Coburn: “Start treating health care like every other resource in the country. Create a real market that’s transparent, created where payment is connected with the purchase. And American consumers, they’re the best buyers in the world at everything else, they will lower the cost of health care.
“Our total care will decline rapidly in this country under the Affordable Care Act, the quality of care – plus we’re going to ration Medicare.”
That Coburn wants a commercial health care system that is basically only accountable to “free-market” (free to die) principles is nothing new. But two statements stand out. First, Americans are absolutely NOT the best buyers in the world and they are often manipulated by unscrupulous corporations. Look at the mortgage crisis. Second, and this is more important, there is no movement to “ration Medicare,” certainly not among Democrats. If Medicare would ever be rationed-what does that even mean?-it would be part of a Republican plan to try to end the program altogether. Coburn is trying to scare people.
The editorial also contained some Coburn comments about excessive job programs in Ada that seem exaggerated and, at the very least, needs some verification from the state’s largest newspaper.
In the end, it’s just the same Coburn we’ve always known, taking ideological jabs and distorting facts while hiding under his cover as some bipartisan, fiscal expert. The Oklahoman seems quite content to perpetuate this real hoax among its dwindling readership.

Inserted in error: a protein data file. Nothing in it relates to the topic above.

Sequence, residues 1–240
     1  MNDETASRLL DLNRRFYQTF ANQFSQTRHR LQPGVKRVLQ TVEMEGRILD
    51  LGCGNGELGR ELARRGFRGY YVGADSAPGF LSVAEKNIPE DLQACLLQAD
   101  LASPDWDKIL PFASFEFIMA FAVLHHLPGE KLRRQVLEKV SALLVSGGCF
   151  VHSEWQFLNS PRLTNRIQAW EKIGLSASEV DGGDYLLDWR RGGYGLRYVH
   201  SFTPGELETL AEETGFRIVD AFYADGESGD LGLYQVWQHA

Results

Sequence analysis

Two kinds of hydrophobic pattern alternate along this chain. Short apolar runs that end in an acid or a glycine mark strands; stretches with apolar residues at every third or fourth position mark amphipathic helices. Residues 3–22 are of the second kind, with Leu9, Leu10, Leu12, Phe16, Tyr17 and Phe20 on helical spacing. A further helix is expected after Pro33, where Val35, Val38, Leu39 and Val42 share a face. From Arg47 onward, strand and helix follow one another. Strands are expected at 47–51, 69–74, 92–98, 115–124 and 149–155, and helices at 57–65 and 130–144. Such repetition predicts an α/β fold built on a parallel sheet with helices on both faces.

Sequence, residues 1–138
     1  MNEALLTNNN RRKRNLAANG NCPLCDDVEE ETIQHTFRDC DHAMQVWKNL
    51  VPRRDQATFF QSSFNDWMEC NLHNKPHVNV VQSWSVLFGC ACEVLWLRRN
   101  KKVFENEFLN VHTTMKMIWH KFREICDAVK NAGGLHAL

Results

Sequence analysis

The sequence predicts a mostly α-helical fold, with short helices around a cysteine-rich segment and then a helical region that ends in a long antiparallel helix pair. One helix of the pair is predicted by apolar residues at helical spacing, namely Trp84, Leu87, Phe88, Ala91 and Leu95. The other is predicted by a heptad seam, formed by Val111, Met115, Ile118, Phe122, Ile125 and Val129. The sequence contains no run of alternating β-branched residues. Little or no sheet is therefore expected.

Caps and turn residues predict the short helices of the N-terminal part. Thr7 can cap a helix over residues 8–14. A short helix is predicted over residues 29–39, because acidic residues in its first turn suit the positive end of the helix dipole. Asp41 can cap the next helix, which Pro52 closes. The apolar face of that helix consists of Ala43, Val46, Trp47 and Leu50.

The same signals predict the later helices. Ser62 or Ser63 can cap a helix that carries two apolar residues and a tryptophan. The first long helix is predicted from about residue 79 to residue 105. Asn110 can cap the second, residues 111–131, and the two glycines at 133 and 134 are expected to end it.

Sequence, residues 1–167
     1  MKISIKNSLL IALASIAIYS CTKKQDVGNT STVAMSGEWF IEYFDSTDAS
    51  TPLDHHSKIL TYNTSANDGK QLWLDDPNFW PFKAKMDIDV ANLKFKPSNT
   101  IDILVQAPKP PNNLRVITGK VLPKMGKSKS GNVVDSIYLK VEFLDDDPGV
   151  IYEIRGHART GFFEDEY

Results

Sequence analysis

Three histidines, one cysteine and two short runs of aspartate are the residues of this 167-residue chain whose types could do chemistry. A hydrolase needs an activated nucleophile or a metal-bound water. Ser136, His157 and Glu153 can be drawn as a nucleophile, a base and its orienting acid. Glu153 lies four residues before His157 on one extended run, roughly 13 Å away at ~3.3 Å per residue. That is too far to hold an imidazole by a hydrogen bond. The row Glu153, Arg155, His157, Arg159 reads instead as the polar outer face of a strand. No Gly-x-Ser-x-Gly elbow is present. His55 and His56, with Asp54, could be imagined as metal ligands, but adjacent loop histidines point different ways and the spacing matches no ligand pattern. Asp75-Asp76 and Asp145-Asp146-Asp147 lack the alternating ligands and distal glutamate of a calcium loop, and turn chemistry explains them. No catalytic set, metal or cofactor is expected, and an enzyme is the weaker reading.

Speaking of hoaxes, that man that once proclaimed that the science underpinning global warming was a type of liberal “hoax” has now turned his attention to gun control. Inhofe, along with other Republican Senators, has vowed to filibuster any gun control measures that come before the Senate. One of the proposals would expand background checks on those who purchase guns.
Obama has made gun control a priority since the Newtown shootings, and a group made up of family members of victims recently visited Washington to meet with Congressional members and push for gun control measures. According to Inhofe, “See, I think it’s so unfair of the administration to hurt these families, to make them think this has something to do with them when, in fact, it doesn’t.” This is just more Obama bashing, and it lacks basic compassion for those mothers and fathers who lost their children in the shootings.
Inhofe and Coburn continue to base their political platforms on creating as much anti-Obama hysteria in the state as they can and then reaping the benefits of that through constituent support. That’s about the sum total of what they stand for right now. They don’t let truth get in their way, and they are as willing as the next Republican to use the GOP standard talking points.
The Oklahoman commentary that poses Coburn as some type of great thinker of his time is laughable. In fact, the rhetorical love fest does more damage to Coburn than good because it shows just what an ideologue he remains. What’s not laughable is another six-year term for Inhofe, which seems like it’s going to happen.